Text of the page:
Fertilizer and feed producer Mosaic Co. late Monday said Russia’s invasion of Ukraine continues to push prices of some agricultural commodities higher, with the conflict also impacting fertilizer supplies amid low stocks globally.
Russia and Ukraine together supply more than a quarter of the world’s wheat and barley, 16% of corn, and more than three quarters of global sunflower oil, Mosaic
That “supply uncertainty” continued to drive grain and oilseed prices higher, and prices were already higher before the February invasion amid a 20-year low in global stocks-to-use ratios, the company said.
Mosaic reported first-quarter earnings after the bell Monday, with shares down more than 2% following mixed results.
The Tampa, Fla., company said it earned $1.18 billion, or $3.19 a share, in the first quarter, compared with $157 million, or 41 cents a share, in the year-ago period.
Adjusted for one-time items, Mosaic earned $2.41 a share.
Revenue rose 71% to $3.9 billion as “stronger pricing more than offset lower volumes,” Mosaic said.
Analysts polled by FactSet had expected the company to report adjusted earnings of $2.40 on revenue of $4.1 billion.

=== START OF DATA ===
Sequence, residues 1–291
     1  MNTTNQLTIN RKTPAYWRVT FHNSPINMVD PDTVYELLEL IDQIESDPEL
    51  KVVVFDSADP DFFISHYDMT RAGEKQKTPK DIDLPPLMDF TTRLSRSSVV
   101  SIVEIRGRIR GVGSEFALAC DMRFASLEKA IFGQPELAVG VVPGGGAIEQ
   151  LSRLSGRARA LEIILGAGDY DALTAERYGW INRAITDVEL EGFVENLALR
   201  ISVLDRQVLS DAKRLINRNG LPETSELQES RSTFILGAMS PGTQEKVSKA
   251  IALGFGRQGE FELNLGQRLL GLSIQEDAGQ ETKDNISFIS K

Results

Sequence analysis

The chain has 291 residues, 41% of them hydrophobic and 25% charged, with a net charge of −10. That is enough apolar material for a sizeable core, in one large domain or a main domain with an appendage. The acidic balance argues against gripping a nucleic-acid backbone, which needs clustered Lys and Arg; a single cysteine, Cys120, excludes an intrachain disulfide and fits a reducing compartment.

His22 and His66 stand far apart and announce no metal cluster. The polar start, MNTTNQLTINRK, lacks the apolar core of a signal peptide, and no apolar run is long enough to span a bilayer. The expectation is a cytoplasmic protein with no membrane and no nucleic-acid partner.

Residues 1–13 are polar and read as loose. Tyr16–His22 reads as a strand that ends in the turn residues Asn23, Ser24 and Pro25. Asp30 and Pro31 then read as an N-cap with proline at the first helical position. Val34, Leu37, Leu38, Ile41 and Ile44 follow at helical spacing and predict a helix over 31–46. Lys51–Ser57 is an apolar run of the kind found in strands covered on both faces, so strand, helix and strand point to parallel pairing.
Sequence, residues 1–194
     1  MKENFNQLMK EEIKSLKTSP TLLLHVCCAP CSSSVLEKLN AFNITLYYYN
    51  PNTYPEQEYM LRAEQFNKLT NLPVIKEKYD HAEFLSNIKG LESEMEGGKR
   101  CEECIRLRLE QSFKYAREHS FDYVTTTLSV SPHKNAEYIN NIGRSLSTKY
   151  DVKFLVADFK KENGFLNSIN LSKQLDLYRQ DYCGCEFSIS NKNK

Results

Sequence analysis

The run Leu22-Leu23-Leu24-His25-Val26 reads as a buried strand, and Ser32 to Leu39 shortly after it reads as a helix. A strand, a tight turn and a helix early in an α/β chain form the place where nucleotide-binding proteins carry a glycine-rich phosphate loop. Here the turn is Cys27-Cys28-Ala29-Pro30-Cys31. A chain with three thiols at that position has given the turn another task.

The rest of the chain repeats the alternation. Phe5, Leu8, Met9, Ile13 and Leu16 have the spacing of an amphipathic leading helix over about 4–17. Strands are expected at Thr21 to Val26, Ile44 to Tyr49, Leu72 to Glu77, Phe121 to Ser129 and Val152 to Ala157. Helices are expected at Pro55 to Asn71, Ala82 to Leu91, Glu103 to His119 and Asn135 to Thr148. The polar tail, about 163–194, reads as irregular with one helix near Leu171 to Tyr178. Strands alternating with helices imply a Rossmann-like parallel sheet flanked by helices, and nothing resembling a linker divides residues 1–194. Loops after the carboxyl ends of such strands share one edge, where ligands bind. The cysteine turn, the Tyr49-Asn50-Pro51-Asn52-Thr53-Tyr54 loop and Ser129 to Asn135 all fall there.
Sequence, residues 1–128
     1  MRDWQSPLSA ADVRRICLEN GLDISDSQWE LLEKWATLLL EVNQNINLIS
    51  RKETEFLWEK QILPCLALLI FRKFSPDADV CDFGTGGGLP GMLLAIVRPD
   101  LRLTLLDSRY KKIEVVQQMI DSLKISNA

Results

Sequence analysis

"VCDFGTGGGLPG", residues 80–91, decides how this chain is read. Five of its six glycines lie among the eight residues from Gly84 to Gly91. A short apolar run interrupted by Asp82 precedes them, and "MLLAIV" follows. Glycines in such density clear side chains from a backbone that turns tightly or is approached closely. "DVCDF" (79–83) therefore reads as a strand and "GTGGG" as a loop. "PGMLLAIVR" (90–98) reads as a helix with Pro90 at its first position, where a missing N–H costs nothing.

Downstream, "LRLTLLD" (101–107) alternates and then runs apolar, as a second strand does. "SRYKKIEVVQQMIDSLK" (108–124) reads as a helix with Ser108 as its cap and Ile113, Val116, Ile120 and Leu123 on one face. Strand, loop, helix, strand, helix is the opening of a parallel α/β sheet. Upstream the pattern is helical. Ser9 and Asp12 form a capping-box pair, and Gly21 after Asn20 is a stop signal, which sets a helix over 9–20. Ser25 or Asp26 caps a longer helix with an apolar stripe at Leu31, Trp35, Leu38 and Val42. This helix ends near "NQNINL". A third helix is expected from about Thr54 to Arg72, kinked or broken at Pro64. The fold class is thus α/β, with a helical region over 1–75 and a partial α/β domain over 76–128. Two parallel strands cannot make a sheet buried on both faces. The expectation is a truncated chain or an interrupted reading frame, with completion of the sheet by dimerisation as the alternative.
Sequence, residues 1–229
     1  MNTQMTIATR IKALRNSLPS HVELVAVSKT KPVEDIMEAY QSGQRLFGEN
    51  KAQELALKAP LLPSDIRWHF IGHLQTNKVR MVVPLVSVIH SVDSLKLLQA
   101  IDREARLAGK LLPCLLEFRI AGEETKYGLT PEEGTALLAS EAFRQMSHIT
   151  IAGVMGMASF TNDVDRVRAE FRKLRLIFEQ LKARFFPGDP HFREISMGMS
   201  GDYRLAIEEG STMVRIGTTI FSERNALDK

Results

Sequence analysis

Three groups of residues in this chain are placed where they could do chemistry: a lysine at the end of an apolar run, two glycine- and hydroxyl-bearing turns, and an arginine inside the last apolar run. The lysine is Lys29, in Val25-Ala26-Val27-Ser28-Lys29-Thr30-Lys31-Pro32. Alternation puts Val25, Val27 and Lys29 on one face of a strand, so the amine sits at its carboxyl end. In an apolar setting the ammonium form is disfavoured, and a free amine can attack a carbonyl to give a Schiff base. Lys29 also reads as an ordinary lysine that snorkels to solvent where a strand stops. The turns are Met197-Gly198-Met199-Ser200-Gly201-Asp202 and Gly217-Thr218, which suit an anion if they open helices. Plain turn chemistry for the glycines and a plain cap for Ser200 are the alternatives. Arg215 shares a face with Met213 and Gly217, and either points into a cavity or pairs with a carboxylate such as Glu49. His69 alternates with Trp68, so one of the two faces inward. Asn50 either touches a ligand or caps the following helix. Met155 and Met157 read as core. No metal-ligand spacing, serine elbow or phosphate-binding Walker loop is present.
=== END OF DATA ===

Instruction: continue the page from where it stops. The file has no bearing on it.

Mosaic said it expects higher annual production in both potash and phosphates across the globe and a recovery of phosphate output from its North American operations.
“We take our responsibility of helping the world grow the food it needs very seriously and are working to mitigate some of the impact of reduced global supply by efficiently maximizing output,” the company said.
Mosaic said the Russia-Ukraine conflict is also impacting fertilizer supply. Russia accounts for 20% of the world’s nitrogen, phosphate and potash exports, and, when combined with Belarus, 40% of the global potash supply is at risk, Mosaic said.
“Russian exports of all three nutrients have declined since the beginning of the conflict and sanctions against Belarus remain in place,” Mosaic said. Moreover, for both potash and phosphates, supply-chain constraints and COVID-related impacts “are only just beginning to abate.”
“Disappointing rail service in North America experienced during the first quarter has improved but is not expected to reach normal performance levels until the second half of 2022,” the company said.
That and other issues, including road and port congestions in Brazil and higher demand, “point to persistent tight markets for both phosphates and potash,” Mosaic said.